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Abusive agricultural avoidance scheme axed

13 March 2012
Issue: 4346 / Categories: News , Admin
Ministers signal clampdown on manipulation of property business loss relief

The government has shut down another contrived and aggressive tax avoidance scheme, in a move that follows the recent, well-publicised closure of arrangements being exploited by Barclays bank.

The latest scheme to be axed involved property business loss relief, and was marketed to high net-worth individuals as a way of reducing their end-of-year income tax bills.

It sought to use a series of highly artificial transactions to generate relief from a property business that owns agricultural land.

Although the land and its owner were real, the deals were not part of a genuine agricultural business. They were generated only to create an artificial loss that could be set off by users of the arrangement against other income.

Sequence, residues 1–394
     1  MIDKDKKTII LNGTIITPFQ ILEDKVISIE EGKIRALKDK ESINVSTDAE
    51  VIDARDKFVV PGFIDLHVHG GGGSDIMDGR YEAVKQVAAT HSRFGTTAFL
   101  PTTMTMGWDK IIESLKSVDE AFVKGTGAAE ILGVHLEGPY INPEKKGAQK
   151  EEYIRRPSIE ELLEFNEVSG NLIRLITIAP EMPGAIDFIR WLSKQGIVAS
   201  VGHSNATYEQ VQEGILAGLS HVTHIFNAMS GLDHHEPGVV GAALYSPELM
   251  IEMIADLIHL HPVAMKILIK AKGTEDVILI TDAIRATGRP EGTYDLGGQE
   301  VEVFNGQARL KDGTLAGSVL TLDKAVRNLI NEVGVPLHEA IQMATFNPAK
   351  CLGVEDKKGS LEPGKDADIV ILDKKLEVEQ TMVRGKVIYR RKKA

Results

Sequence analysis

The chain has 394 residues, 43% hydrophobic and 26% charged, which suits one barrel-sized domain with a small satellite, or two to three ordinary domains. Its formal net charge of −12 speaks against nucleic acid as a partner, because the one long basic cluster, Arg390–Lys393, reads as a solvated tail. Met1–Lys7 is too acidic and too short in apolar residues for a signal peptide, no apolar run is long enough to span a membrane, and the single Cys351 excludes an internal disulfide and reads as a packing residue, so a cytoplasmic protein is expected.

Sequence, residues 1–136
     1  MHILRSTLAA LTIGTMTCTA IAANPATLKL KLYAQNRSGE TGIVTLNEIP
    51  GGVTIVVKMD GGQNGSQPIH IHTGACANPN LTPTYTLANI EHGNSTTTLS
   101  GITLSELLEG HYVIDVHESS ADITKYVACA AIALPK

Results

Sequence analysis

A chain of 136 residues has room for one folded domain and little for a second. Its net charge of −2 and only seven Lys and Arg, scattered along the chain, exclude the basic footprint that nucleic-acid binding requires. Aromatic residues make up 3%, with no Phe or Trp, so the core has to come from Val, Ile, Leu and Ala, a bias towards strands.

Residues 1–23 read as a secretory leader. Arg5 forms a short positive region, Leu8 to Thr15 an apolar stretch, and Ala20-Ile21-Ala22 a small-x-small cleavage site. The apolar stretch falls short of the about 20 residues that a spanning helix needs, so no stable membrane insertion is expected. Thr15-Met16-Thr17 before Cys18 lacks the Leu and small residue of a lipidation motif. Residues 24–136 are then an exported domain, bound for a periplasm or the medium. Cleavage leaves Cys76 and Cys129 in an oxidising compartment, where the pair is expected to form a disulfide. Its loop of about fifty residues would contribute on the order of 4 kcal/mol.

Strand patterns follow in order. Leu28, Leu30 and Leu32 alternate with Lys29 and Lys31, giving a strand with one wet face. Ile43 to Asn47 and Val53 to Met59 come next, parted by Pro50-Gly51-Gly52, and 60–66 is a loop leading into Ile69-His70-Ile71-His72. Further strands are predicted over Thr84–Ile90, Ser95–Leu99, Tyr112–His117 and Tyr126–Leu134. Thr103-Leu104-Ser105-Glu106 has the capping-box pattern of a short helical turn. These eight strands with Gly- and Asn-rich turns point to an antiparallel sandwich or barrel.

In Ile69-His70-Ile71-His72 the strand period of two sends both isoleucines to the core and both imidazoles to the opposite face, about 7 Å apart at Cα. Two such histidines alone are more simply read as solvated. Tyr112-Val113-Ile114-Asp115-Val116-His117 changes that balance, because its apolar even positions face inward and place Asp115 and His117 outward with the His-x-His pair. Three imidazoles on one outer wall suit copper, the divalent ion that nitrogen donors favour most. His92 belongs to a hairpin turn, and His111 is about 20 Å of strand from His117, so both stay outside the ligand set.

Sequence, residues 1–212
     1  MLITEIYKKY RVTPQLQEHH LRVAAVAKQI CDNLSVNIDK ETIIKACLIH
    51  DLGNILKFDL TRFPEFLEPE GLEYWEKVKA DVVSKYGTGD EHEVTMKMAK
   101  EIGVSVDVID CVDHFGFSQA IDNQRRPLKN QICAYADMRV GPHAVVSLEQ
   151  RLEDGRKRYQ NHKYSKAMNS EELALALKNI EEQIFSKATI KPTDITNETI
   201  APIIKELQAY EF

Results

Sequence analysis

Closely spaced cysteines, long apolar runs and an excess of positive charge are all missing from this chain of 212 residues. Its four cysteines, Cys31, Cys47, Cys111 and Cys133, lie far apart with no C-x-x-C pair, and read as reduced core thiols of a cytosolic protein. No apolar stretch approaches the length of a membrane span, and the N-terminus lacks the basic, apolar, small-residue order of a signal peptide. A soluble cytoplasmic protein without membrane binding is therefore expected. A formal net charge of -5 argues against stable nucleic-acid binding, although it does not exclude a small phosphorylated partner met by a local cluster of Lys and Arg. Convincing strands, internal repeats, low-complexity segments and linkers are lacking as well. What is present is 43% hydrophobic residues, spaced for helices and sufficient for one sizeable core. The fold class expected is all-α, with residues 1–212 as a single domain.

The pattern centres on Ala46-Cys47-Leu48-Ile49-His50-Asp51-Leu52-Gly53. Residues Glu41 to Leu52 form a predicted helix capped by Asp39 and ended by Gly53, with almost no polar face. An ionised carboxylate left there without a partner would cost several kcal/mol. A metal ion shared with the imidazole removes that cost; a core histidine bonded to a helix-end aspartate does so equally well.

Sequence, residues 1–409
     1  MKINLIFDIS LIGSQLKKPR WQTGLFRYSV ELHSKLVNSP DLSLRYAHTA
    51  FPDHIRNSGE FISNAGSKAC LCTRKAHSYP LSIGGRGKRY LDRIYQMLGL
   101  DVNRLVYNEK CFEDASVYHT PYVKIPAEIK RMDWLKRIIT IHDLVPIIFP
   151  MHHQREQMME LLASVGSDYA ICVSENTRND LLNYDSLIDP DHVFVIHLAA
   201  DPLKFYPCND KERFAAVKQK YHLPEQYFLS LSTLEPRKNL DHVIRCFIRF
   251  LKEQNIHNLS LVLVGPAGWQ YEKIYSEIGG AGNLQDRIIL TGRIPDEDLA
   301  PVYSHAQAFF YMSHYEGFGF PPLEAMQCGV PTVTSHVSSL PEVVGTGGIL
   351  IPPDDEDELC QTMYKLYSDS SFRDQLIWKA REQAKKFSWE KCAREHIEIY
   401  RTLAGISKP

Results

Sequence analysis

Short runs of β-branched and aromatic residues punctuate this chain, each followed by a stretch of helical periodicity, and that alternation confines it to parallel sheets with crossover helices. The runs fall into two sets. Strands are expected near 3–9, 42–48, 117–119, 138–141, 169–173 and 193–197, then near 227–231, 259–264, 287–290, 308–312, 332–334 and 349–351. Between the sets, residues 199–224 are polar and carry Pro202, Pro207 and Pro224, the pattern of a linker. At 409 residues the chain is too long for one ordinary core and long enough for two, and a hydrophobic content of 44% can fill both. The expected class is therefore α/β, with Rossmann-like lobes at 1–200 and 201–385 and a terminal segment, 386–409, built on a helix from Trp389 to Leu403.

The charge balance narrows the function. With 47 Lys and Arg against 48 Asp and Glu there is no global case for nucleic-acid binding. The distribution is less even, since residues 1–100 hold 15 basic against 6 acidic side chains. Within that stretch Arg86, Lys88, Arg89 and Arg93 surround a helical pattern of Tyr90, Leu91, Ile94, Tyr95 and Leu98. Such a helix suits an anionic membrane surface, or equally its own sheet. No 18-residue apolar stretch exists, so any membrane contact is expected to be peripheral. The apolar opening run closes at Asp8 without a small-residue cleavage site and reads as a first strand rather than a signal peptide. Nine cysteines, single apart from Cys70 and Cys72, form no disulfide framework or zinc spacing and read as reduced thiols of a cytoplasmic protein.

Ministers have introducing legislation in Finance Bill 2012 to prevent property business loss relief arising from tax-motivated arrangements – and it has effect from today.

There will also be rules in the Bill to prevent post-cessation property relief being used artificially to avoid tax. They too will be effective from today.

The measures come soon after officials put a stop to two corporate avoidance set-ups that Barclays had made known to HMRC under the disclosure of tax avoidance schemes regime. As a result, the high street bank was left with an estimated £500 million debt to the Revenue.

The Exchequer secretary to the Treasury, David Gauke, said, ‘At a time when our top economic priority is reducing the deficit, it is unacceptable for anyone to try to avoid paying a fair share.

‘Today’s action will not affect legitimate agricultural businesses, but by acting swiftly, the government has prevented this scheme being used by people who want to escape paying the tax they owe. We won’t hesitate to close other avoidance schemes down as we become aware of them,’ added Mr Gauke.


Issue: 4346 / Categories: News , Admin
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